The last the world has heard from Hozier was in 2014 with the release of his self titled debut album. This album included hits like chart topping “Take Me to Church” and “Work Song.” He has resurfaced as the name on people’s lips with his sophomore album “Wasteland, Baby!” which was released not too long ago on the first day of March. Upon first listen, Hozier achieves the overall vibe of destruction (mostly of the Earth), and love in todays day and age.
Hozier is an old soul with a bold personality. An Ireland native with a passion for rhythm and blues, he’s made his presence in the music industry known. It’s hard to imagine listening to “Wasteland, Baby!” somewhere other than atop of another planet watching the Earth slowly spiral into destruction or more conveniently, blasting it while frolicking in the woods. When we think of the albums or the songs we love, people always associate it to a moment or a memory when they first heard it. Fittingly, I was on my way to get crystals with one of my friends when she played it for me. Before hearing the album, I only linked Hozier to his first hit “Take Me To Church” that was played over and over around local radio stations and when Ed Sheeran covered it at BBC (it was also a karaoke go-to in my 7th grade Social Studies class). Now Hozier has been the name I’ve been saying the most for the past week. Mainstream music often gets the brutal reputation of being generic. Not singing personal lyrics that artists actually believe in, caring more about whether a plethora of age groups can dance to it rather than relate to it (with the exception of a few artists). Hozier has overlooked all of these imaginary standards in the music industry, and released a whole other vibe that no album in the 21st century has ever been able to achieve. The romantic aspect of the end of the world. Making it seem like it’s just another day on the calendar. Artists can sing about the end of the world, but they’ve never been able to take us there- to make us see it. See: R.E.M- It’s The End Of The World. The world we live in is breathtaking. It’a hard to actually think of where we live in a broad aspect because it’s all too overwhelming. Hozier has achieved this level of thinking with beautifully crafted metaphors relating to a birds relationship with a thorn bush to an Irish folk melody. Along with lovers as trees, flawed human beings, and the realness of dancing, listening, and understanding. He makes heartbreak seem like it’s an open mic night on the Upper East Side where hopes and dreams go, the beginning of everything. As we lose light and warmth we still have hope, and we have each other if we truly learn to embrace it. Because there’s something truly lovely about destruction: hope and love can keep the world warm long after the sun burns out. We’ll be wading in the effects of a dried up ocean, each soul linked together as we roam around complete desolation. But before we get to that point, Hozier makes us find comfort in the destruction of our own worlds.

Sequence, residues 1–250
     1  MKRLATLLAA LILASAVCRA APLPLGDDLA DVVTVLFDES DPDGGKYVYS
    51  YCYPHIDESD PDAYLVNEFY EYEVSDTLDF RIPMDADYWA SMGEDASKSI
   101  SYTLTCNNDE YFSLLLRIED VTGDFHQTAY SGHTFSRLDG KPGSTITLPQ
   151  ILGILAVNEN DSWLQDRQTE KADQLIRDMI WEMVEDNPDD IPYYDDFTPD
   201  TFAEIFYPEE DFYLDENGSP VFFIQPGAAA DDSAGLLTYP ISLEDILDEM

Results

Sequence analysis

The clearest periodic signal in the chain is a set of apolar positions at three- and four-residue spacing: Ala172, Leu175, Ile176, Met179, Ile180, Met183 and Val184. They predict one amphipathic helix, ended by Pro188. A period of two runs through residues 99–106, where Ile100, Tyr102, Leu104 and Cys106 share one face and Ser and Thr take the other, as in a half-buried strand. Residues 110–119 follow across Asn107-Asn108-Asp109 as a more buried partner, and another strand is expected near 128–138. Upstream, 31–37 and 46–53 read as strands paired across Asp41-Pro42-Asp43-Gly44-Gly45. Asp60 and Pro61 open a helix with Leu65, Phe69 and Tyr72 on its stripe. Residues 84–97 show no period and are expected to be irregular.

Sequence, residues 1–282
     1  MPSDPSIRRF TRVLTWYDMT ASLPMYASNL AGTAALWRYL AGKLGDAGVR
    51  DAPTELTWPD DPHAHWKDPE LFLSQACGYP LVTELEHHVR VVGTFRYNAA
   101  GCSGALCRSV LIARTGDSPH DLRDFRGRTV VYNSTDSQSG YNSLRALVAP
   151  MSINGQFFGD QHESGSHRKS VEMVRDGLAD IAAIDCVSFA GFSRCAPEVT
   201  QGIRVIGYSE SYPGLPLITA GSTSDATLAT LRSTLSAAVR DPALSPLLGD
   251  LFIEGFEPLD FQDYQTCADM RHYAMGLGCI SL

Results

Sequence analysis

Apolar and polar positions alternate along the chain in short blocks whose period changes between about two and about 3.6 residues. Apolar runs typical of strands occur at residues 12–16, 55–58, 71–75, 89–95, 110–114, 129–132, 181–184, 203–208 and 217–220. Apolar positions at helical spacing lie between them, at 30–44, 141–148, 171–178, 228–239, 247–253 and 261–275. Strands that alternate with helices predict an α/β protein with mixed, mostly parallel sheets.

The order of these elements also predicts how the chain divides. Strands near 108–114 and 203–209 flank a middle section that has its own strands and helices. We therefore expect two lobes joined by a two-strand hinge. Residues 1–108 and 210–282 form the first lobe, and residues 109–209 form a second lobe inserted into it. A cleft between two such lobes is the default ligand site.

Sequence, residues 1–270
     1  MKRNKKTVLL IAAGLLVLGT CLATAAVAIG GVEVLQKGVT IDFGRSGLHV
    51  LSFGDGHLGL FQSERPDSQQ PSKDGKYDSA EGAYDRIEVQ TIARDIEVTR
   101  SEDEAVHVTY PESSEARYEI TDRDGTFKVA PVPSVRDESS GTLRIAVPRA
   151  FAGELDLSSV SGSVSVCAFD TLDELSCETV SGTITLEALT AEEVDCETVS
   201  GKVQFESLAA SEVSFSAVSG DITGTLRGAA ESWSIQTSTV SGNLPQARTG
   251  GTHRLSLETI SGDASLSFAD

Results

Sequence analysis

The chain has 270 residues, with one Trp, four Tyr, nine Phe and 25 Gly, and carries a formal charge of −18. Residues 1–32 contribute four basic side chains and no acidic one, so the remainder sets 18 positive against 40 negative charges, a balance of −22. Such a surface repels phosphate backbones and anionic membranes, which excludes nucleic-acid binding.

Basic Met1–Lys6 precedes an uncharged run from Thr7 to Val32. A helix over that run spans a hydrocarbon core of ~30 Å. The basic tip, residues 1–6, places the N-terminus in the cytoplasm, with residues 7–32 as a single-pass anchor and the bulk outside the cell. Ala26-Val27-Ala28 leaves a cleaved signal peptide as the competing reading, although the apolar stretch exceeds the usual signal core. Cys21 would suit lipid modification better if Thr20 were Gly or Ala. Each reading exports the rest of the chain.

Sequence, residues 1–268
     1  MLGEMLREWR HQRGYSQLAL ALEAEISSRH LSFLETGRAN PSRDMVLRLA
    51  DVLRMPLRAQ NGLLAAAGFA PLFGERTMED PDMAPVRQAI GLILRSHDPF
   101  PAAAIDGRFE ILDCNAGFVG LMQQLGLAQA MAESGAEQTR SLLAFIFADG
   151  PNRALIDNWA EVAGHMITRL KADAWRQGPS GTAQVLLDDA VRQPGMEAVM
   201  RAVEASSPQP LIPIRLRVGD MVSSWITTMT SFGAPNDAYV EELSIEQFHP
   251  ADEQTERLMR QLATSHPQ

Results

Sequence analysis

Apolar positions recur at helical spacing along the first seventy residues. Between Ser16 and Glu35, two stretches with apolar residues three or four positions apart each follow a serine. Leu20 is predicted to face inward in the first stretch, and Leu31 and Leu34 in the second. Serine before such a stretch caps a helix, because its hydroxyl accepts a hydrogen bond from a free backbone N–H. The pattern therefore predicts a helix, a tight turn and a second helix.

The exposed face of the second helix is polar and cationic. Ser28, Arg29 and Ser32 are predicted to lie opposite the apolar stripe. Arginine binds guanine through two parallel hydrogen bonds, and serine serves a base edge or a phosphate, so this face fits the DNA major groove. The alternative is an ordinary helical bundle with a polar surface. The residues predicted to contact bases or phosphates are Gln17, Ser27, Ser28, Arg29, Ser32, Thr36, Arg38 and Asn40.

It’s hard to argue the fact that Hozier has single handedly made the end of the world seem like a romantic diatribe. The most accurate image of this vibe is in “No Plan,” “Sunlight,” and of course, “Wasteland, Baby!” All three of these songs leads us to believe that the end of the world would be better with a friend as the sun slowly dies bringing us along with it. He sings about smelling the stench of the sea, and that the absence of green are the death of all things that are seen and unseen. We don’t have any plans for the end of the world, we know that’ll happen, we just don’t know when. Even now, we could be described as living in a wasteland. The man made destruction of the earth, our only home. We are forced to live with our actions, and we’ll die with them too. For an album such as that, we see a positive outlook on it. The beauty of it all is that Hozier has given us a killer soundtrack for the end of the world.